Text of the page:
New Paltz CROP Walk participant of Church World Service
"... let us love, not in word or speech, but in truth and action."
Millions of people worldwide live on the edge of subsistence, at the will of fragile economies, struggling to escape the crushing grip of poverty and powerlessness. Most are hungry--and they need more than a handout. They need a way out.
Hunger means different things in different places... In Southern Africa it may mean crop failures, food shortages, and famine resulting from prolonged drought. Families and communities may need emergency food, as well as seeds for replanting. In the highlands of Bolivia, it may mean malnutrition resulting from inadequate protein in the family diet. There training in fish farming can mean improved health for parents and children. Our bodies also need an adequate supply of clean water to survive and thrive. So, in many communities, clean water wells--along with improved irrigation for gardens--can mean life and health.
The CWS Social and Economic Development Program helps create pockets of education and innovation, enterprise and collaboration, powered by local ingenuity and nurtured by the self-respect that inevitably flows from it. Creative initiatives by impoverished people are making a difference. If we work together, we can build a world that works for all.
According to the U.S. Department of Agriculture report "Household Food Security in the United States, 2005, 11 percent of U.S. homes did not have access "to enough food for an active, healthy life for all household members" at least some time during the year. In what has become an annual tradition in the thousands of communities that participate, an interfaith, multi-cultural collection of CROP walkers (Communities Responding to Overcome Poverty) encourage friends, neighbors, colleagues, merchants and places of worship to donate dollars to support their participation in walks of up to 10 km. Participants, many with readily identifiable red and white signs, range in age from babies in strollers to seniors--and even the occasional jogger.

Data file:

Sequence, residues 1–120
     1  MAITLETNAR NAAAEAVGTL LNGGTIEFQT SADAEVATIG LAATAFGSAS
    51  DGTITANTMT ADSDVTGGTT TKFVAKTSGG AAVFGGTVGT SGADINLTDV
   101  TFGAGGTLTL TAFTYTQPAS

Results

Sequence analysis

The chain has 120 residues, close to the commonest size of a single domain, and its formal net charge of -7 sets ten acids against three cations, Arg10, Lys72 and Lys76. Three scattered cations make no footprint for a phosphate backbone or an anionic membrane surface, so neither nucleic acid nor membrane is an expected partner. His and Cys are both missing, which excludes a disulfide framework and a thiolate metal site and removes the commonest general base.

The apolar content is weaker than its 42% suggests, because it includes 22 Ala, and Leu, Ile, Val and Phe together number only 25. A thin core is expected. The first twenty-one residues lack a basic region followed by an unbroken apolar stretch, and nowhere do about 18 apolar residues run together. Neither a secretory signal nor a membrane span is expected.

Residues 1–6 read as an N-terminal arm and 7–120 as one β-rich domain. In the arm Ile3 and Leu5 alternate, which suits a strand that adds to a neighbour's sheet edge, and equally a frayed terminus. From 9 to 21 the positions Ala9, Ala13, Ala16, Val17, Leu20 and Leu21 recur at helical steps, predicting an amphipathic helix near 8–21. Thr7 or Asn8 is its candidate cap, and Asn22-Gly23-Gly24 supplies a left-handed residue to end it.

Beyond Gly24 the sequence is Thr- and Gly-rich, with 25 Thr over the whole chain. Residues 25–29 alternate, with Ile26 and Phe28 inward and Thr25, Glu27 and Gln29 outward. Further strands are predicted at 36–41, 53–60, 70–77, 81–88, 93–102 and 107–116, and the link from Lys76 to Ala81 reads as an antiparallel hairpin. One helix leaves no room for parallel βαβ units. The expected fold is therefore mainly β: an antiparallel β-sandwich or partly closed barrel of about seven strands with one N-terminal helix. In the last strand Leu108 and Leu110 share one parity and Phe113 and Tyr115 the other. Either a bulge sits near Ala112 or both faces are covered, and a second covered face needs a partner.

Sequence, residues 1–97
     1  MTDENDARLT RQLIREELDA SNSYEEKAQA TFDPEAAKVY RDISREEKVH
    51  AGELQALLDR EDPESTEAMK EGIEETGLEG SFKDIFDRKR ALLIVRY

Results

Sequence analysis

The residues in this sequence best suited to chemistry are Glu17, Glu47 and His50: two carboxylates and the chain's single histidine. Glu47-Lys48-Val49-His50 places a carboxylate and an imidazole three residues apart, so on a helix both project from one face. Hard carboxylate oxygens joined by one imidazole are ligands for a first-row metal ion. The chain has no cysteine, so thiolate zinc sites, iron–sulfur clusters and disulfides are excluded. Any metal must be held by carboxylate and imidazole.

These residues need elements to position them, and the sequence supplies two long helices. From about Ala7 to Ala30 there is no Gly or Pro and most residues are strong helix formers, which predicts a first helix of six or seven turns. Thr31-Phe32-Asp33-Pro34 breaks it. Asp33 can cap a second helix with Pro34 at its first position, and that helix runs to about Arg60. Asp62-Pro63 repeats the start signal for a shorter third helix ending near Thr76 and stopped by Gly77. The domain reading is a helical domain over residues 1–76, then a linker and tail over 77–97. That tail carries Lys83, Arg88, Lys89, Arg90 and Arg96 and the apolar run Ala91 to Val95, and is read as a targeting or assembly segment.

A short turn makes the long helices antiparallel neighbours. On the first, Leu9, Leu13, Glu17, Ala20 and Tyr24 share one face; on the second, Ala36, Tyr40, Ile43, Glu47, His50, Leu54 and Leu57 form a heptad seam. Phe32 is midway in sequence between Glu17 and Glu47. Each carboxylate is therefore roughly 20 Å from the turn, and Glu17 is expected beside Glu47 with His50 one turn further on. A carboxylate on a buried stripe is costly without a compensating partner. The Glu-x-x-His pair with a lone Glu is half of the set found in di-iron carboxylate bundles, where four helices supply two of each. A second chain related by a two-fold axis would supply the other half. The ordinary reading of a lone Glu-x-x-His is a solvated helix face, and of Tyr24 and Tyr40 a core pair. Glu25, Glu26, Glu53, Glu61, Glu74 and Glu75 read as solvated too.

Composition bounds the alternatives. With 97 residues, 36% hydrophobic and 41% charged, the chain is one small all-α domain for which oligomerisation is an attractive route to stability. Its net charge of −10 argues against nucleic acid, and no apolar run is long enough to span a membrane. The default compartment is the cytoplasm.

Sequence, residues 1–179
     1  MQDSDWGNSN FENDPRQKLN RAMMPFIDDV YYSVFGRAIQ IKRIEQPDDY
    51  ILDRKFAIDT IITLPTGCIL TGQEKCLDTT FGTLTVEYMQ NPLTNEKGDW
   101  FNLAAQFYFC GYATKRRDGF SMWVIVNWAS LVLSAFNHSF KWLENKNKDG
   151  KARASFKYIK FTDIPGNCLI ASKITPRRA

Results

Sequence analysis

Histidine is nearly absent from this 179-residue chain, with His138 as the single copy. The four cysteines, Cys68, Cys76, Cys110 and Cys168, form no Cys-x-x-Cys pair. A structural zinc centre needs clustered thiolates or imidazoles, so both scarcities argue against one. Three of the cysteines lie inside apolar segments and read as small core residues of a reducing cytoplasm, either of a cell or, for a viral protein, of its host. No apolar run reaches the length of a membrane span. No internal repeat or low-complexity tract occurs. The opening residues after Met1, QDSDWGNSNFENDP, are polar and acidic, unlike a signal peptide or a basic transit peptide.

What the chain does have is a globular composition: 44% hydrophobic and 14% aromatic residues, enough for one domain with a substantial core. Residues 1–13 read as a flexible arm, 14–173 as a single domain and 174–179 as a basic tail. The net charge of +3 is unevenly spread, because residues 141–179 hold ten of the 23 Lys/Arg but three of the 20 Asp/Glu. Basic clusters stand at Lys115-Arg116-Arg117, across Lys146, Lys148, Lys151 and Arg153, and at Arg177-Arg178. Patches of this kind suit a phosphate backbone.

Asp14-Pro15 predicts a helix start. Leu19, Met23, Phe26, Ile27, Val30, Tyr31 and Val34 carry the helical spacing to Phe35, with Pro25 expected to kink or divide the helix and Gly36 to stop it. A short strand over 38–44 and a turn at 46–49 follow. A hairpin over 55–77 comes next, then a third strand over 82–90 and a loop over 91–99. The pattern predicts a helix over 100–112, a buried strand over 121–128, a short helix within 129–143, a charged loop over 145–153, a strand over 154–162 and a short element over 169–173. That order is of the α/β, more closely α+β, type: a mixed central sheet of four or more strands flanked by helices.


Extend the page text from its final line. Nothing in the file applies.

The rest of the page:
The first-ever CROP Walks took place in the late 1960s. Over the decades since, more than 5 million walkers have raised millions to fight hunger. Since 1973, the New Paltz CROP Walk (under various names) has done its part to help in this enormous need (our history).
25% of money raised goes to support local pantries!
"These walkers and the food pantries and soup kitchens they help support are a blessing. Together, they represent the caring hands of a community reaching out to help neighbors-and often strangers--who are in crisis or whose way is hard," says Rev. John McCullough (executive director and CEO of Church World Service).
Globally, Church World Service supports a broad range of poverty fighting projects in some 80 countries. They include the digging of wells in villages in Africa and the building of cisterns in Palestine to improve local access to water; programs in several Latin America countries to help children living in extreme poverty who are vulnerable to violence and sexual exploitation; income producing programs for impoverished Roma families, in Serbia; and community development projects with poor women in rural Bangladesh.
Thank you for checking out our website and please help us (anyway you can) in this never ending cause.